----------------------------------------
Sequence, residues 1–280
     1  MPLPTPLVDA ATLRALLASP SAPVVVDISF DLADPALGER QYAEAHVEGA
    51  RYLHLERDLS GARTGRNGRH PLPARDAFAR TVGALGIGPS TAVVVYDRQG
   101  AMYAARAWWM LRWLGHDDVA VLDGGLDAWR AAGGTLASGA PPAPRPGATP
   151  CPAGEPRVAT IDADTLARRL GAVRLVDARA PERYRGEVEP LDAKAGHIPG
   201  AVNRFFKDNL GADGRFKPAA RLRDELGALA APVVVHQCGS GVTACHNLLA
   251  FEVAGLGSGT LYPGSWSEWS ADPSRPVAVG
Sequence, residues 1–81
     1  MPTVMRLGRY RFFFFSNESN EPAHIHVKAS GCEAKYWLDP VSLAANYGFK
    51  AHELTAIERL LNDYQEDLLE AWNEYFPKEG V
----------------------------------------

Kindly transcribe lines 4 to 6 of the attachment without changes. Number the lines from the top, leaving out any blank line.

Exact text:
   101  AMYAARAWWM LRWLGHDDVA VLDGGLDAWR AAGGTLASGA PPAPRPGATP
   151  CPAGEPRVAT IDADTLARRL GAVRLVDARA PERYRGEVEP LDAKAGHIPG
   201  AVNRFFKDNL GADGRFKPAA RLRDELGALA APVVVHQCGS GVTACHNLLA